Adolescent Sexual Rights in Peru
In views adopted under the Optional Protocol to the International Covenant on Civil and Political Rights, the UN Human Rights Committee held the Peruvian government accountable for failing to ensure access to legal abortion services essential to the health of the petitioner, thus violating her human rights.
In 2002, the UN Human Rights Committee (HRC) accepted this communication as admissible for consideration. This case concerns the plight of K.L., a 17-year-old who was pregnant with an anencephalic foetus. Anencephalia is a condition incompatible with life for the fetus, and that jeopardizes the pregnant woman’s health. Her doctor informed K.L. that her pregnancy complications exposed her to a life-threatening risk. Upon his advice, she decided to terminate her pregnancy. Despite Peruvian law permitting abortions when the life or health of the mother is in danger, due to a lack of clear regulations, K.L. was denied an abortion. She was forced to carry the pregnancy to full term as well as breastfeed for the four days her baby survived. After her traumatic experience, K.L. suffered from severe depression. The complaint filed before the HRC alleged that denying K.L. access to a legal medical procedure violated a range of human rights.
On October 2005, the HRC upheld reproductive rights finding that in its failure to ensure access to legal abortion services for a pregnant adolescent, Peru had violated its domestic laws as well several articles under the International Covenant on Civil and Political Rights, including, among others, provisions pertaining to the right to be free from cruel, inhumane, and degrading treatment (Art. 7), privacy (Art. 17), and special measures of protection for minors (Art. 24). The HRC called on Peru to “furnish [K.L.] with an effective remedy, including compensation” and to “take steps to ensure that similar violations do not occur in the future.”
In the immediate aftermath of the decision, there was very little progress on implementation. The Peruvian government did offer financial reparation to K.L. but she declined the offer due to a lack of acknowledgment by the State itself that her rights had been violated, and the inadequacy of the amount. In practice, many women continued to be denied legal abortion services in Peru. (For details on certain compliance related issues, please see: http://bit.ly/1R582BG)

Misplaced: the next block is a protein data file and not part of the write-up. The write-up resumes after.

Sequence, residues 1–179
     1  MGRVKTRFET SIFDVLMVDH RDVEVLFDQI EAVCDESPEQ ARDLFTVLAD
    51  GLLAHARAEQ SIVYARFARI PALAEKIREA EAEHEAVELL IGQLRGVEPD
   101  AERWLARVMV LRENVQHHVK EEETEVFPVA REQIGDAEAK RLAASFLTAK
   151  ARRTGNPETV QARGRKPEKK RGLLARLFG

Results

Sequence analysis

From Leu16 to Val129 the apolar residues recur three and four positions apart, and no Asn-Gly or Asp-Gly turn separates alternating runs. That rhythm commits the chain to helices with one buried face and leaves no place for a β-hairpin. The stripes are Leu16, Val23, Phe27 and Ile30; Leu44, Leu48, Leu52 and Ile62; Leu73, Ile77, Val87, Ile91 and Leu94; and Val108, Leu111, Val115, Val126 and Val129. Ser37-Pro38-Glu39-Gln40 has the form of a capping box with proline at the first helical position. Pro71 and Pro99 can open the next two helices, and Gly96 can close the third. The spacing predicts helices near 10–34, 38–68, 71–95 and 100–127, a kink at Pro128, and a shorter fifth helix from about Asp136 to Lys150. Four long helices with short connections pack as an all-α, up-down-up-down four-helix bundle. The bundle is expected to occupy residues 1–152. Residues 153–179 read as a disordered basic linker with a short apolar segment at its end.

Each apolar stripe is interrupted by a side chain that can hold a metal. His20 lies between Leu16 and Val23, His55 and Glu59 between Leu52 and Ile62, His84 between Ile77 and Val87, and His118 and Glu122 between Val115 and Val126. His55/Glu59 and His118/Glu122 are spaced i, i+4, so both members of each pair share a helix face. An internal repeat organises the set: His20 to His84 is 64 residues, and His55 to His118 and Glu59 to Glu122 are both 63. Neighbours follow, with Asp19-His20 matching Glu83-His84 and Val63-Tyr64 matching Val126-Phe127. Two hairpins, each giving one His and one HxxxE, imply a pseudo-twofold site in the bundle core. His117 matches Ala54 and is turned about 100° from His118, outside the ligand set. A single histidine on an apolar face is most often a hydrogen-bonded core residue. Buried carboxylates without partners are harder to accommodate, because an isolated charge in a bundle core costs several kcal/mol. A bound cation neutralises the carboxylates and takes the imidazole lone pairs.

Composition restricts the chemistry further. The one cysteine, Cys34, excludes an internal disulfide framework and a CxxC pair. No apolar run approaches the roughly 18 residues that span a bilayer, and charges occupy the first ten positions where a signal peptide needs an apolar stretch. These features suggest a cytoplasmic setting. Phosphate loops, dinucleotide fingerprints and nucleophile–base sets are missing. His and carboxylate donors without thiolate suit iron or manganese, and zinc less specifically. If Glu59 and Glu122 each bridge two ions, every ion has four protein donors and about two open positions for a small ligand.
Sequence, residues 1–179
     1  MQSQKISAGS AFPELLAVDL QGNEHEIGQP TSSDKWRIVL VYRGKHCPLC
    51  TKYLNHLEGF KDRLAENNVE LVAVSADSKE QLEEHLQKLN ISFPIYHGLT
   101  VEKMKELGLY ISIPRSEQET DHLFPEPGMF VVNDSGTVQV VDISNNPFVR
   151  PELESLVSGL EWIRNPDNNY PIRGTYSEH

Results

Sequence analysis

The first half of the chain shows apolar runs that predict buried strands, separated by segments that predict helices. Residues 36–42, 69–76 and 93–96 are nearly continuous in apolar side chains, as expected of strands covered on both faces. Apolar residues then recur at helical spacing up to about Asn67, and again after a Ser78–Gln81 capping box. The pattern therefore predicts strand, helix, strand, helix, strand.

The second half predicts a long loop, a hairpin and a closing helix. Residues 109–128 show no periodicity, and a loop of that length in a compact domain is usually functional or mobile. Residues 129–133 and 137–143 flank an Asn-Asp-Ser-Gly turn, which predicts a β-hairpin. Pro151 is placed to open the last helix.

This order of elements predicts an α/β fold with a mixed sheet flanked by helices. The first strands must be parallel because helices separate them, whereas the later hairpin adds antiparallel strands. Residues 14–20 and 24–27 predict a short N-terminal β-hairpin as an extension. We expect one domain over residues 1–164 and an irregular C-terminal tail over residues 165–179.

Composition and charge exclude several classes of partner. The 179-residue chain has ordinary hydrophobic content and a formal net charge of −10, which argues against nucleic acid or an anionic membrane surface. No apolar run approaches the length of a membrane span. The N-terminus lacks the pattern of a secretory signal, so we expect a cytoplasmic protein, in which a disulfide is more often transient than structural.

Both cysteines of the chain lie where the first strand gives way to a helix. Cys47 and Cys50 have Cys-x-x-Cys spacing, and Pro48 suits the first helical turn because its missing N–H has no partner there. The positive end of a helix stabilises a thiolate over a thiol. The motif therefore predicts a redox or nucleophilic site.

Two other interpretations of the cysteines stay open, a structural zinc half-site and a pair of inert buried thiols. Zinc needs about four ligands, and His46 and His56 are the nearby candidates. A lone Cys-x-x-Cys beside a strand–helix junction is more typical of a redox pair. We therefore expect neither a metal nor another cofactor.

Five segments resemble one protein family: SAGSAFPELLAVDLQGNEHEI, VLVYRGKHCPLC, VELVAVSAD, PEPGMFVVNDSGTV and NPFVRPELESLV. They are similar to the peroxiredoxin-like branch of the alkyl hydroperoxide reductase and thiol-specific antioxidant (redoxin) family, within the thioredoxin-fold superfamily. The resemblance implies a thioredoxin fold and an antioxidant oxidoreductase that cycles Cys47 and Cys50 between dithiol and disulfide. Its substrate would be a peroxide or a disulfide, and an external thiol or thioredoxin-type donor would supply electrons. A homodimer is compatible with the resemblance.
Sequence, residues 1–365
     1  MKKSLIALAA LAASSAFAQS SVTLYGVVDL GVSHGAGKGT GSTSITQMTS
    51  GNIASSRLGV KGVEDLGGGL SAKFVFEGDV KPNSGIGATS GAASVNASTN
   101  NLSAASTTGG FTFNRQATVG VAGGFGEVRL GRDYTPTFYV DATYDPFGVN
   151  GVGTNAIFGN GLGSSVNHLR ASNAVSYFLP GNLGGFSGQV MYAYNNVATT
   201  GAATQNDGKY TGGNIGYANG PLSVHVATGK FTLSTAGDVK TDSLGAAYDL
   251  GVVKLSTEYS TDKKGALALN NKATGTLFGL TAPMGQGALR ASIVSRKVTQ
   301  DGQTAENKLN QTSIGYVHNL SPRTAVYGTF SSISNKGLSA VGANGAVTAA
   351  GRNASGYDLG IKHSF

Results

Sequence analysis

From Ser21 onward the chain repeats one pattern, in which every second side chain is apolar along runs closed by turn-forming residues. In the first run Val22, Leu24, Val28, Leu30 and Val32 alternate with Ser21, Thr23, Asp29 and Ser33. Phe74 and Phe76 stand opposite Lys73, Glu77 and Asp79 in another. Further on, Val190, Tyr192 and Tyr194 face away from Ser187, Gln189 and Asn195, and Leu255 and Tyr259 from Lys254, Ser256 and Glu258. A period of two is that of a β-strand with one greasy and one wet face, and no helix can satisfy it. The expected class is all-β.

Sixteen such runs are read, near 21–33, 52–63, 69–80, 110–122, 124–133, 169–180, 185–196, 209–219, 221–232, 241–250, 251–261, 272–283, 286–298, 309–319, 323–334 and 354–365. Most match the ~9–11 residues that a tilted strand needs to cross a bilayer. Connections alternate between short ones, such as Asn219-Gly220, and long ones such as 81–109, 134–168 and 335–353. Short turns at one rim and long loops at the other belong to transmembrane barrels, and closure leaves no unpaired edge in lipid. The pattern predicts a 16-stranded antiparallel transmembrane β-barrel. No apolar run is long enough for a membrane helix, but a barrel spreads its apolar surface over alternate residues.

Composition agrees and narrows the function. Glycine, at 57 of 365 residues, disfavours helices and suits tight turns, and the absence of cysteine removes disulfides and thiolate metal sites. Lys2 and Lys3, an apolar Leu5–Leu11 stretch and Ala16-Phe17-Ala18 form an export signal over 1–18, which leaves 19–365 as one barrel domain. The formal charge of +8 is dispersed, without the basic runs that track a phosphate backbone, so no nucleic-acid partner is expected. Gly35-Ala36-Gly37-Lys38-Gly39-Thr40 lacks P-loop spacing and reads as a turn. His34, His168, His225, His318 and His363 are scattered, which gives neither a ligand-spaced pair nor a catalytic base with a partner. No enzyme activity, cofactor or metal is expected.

Rights groups took legal action before Peruvian courts, and petitioned the HRC to ensure the Peruvian State’s adequate compliance. Moreover, UN human rights bodies have consistently raised concerns regarding the denial of access to legal abortion services in Peru. All of this may have had an impact in recent developments reflecting progress on enforcement; for example, in 2014, the Peruvian government adopted national guidelines for providing safe abortion services that afford clarity for physicians and patients on legal abortion in the country. However there have been significant challenges in implementing this protocol.
In addition, in November 2015, around a decade after the HRC ruling was issued, the Peruvian Government agreed to pay compensation to K.L. in line with the Committee recommendations. In response, Nancy Northup of the Center for Reproductive Rights, one of the groups that represented the petitioner, stated, “the Peruvian government has taken an important step to abide by the United Nations’ decision. But this work is far from over. It’s time for Peru to clarify and implement its safe abortion guidelines and continue improving access to critical reproductive health services for all women and girls.”
The Latin American and Caribbean Committee for the Defense of Women’s Rights (CLADEM), the Office for the Defense of Women’s Rights (DEMUS), and ESCR-Net member, the Center for Reproductive Rights (CRR), together represented K.L. before the HRC.
This case is considered a landmark case on reproductive and health rights for the women of Peru and across the world. For the first time, an international human rights body held a country accountable for failing to ensure access to legal abortion services that were essential to the health of a woman, thus violating her fundamental human rights. The decision has global implications. One commentator has noted, “Every woman who lives in any of the 154 countries that are party to this treaty … now has a legal tool to use in defense of her rights. This ruling establishes that it is not enough to just grant a right on paper. Where abortion is legal it is governments’ duty to ensure that women have access to it.” This is particularly important given that women around the world frequently encounter barriers to abortion even where it is legal.
While Peru’s payment of compensation to K.L. comes late, it marks the recognition of a woman’s right to therapeutic abortion and that the State has an obligation to fulfill this right. One of the attorneys of the case commented that ‘”In seeing justice delivered in K.L.’s case —we are part of an inspiring historic moment. We are witnessing the … power of the UN and other international bodies to ensure our basic human rights to dignity, health and freedom from ill-treatment.” It is hoped that the developments in this case will lead to more complaints being filed from South America and other countries around the world. HRC Chairman Fabián Salvioli said in context of the aforementioned payment of compensation, “When a State complies with a ruling of the Committee, it is honouring its obligations and providing hope to the rest of the victims involved in cases before the Committee. States must comply with their human rights obligations under the Covenant, because that would contribute to create fairer societies.”